Jeremiah Hunt

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Jeremiah Hunt, D.D. (London, 11 June 1678– 5 September 1744) was an independent minister.

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Contents

Life

Jeremiah Hunt was born as the only son of Thomas Hunt, a London merchant, on 11 June 1678. His father died in 1680, and his mother secured for him a liberal education. He studied first under Thomas Rowe, [1] then at the Edinburgh University, and lastly at Leiden University (1699-1701), where Nathaniel Lardner was a fellow student. He owed much to John Milling (d. 16 June 1705), minister of the English presbyterian church at Leyden, and learned Hebrew language and literature of a rabbi from Lithuania, and therefore afterwards acquired the title "Rabbi Hunt." [1] In Holland he was licensed to preach, and was one of three who officiated in turns to the English presbyterian congregation at Amsterdam. He always preached without notes, and his memory was so good that he could recall the language of an unwritten sermon fourteen years after its delivery. On his return to England he was for three years (1704-7) assistant to John Green, an ejected divine, who had formed an independent church at Tunstead, Norfolk. Here, according to Harmer, he was ordained.

Thomas Rowe (1657–1705) was an English nonconformist minister, significant as the teacher of the next generation of Dissenters, particularly in philosophy, in one of the first of the dissenting academies.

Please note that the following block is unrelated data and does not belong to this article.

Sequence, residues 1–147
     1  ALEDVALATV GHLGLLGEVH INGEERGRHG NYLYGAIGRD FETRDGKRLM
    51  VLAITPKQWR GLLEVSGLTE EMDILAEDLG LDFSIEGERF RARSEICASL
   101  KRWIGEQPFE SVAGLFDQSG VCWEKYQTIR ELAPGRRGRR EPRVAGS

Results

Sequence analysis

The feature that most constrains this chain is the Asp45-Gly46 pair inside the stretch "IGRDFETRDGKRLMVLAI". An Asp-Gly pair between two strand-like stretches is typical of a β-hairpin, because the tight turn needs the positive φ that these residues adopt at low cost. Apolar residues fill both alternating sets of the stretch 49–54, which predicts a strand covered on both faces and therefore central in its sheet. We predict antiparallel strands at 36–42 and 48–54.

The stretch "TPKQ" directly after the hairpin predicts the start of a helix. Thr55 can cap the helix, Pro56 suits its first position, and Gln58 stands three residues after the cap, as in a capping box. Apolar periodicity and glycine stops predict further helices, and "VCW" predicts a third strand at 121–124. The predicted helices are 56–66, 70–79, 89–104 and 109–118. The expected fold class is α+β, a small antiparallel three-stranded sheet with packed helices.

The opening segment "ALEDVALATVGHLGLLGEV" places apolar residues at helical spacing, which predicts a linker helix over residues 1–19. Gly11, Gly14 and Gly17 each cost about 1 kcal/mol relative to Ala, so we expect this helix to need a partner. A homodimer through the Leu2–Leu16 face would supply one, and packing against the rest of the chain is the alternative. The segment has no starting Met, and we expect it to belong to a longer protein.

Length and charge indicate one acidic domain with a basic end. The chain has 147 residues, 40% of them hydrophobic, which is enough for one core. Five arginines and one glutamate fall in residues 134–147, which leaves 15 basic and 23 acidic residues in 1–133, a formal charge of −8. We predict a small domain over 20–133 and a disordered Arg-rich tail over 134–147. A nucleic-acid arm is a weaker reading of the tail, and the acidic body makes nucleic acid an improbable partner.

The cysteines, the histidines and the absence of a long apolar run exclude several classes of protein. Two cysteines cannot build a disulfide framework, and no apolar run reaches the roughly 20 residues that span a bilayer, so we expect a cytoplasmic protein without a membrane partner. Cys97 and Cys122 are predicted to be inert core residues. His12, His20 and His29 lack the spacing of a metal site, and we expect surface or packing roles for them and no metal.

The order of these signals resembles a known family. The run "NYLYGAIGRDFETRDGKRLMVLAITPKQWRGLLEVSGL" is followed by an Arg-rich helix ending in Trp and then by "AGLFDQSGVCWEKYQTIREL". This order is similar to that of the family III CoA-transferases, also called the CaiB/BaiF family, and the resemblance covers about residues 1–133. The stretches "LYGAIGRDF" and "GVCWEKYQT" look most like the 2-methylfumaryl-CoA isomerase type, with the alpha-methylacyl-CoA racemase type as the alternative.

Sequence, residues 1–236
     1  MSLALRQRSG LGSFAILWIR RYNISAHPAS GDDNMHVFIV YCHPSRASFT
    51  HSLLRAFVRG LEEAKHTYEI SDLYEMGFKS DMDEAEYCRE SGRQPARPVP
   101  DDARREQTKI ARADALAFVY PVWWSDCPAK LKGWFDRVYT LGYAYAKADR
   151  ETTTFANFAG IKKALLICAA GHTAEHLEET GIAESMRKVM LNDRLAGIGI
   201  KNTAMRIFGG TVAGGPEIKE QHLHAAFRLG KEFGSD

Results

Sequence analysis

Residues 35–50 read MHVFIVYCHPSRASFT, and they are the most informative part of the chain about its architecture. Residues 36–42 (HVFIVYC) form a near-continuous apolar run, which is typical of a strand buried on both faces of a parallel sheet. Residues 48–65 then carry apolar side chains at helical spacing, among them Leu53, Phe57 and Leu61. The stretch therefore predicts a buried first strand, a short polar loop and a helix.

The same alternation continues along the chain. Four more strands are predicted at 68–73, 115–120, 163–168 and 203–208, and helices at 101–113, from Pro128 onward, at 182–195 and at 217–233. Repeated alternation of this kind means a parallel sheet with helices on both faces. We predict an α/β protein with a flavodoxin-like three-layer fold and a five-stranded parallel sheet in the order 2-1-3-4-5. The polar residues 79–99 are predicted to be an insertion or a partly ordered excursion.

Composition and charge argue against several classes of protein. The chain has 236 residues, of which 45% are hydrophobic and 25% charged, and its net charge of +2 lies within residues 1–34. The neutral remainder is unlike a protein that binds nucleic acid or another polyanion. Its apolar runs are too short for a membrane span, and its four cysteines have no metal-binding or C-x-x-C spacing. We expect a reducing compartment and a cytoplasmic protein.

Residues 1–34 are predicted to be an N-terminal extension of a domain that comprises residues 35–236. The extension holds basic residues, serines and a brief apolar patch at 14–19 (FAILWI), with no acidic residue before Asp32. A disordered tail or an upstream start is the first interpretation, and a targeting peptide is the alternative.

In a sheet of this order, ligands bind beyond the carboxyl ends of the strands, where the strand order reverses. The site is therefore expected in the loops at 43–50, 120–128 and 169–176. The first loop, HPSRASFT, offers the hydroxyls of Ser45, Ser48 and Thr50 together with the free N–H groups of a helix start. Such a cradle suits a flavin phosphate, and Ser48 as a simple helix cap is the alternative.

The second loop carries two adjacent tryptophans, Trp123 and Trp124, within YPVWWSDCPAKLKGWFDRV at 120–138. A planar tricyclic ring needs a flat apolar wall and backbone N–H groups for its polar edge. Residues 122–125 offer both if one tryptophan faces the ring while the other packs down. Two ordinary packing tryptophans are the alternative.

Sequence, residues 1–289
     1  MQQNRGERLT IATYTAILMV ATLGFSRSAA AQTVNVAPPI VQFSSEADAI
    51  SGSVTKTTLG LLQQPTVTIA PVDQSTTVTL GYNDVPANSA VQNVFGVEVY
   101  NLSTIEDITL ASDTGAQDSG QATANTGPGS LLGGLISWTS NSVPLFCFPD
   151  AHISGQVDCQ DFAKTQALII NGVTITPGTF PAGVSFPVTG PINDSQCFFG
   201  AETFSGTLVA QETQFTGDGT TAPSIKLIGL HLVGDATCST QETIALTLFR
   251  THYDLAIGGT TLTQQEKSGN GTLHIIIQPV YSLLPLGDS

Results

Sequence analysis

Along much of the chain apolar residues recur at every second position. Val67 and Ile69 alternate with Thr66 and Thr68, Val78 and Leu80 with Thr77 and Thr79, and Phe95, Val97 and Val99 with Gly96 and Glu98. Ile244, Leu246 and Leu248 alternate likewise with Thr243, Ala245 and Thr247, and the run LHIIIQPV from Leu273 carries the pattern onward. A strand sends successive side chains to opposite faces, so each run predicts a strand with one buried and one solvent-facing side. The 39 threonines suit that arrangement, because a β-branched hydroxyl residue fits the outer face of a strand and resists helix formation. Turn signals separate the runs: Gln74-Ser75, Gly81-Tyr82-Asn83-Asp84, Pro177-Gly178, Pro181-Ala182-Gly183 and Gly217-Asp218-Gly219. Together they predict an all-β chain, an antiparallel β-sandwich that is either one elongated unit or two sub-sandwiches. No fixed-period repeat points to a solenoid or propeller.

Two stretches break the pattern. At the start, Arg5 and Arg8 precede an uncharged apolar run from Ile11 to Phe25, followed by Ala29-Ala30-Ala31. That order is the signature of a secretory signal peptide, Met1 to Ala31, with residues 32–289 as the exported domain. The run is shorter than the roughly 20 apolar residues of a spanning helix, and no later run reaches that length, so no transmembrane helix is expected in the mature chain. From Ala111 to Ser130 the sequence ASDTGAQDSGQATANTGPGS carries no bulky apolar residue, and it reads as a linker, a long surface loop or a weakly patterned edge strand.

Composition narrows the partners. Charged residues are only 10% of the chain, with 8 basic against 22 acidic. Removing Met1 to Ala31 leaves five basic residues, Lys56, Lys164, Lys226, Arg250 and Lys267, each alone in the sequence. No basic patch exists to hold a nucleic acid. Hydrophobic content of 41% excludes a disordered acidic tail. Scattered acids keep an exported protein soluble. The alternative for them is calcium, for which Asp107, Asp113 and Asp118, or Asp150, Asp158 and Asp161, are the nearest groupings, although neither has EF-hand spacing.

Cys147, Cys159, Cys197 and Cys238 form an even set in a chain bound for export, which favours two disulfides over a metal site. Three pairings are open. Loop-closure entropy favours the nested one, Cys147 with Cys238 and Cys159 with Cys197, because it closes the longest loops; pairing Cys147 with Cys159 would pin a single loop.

Leiden University university in the Netherlands

Leiden University is a public research university in Leiden, Netherlands. Founded in 1575 by William, Prince of Orange; leader of the Dutch Revolt in the Eighty Years' War; as a reward to the town of Leiden for its defense against Spanish attacks, it is the oldest institution of higher education in the Netherlands, and the twelfth-oldest in Europe.

Nathaniel Lardner British theologian

Nathaniel Lardner was an English theologian.

Coming up to London in 1707, Hunt accepted a call to succeed Richard Wavel, an ejected divine who died on 19 December 1705, [1] as pastor of the Independent congregation at Pinners' Hall, Old Broad Street. Here he renewed his acquaintance with Lardner, whose testimony to the breadth and depth of his learning is very emphatic. They were members of a ministers' club which met on Thursdays at Chew's coffee-house in Bow Lane. Hunt was accounted 'a rational preacher;' his matter was practical, his method expository, his style easy. His admirers admitted that 'he only pleases the discerning few.' [2] How far he diverged from the traditional Calvinism of dissent is not clear. Isaac Watts says that some 'suspected him of Socinianising,' but unjustly. In 1719 he voted with the nonsubscribers at Salters' Hall, [3] but took no part in the controversy. John Shute Barrington, first viscount Barrington, the leader of the nonsubscribers, joined his church. At Barrington's seat, Tofts in Essex, he was in the habit of meeting Anthony Collins On 31 May 1729 he was made D.D. by Edinburgh University. In 1730, though an independent, he was elected a trustee of Dr. Williams's Foundations. He took part in 1734-5 in a course of dissenting lectures against popery, his subject being penances and pilgrimages. He was also one of the disputants in certain 'conferences' held with Roman Catholics, on 7 and 13 February 1735, at the Bell Tavern, Nicholas Lane.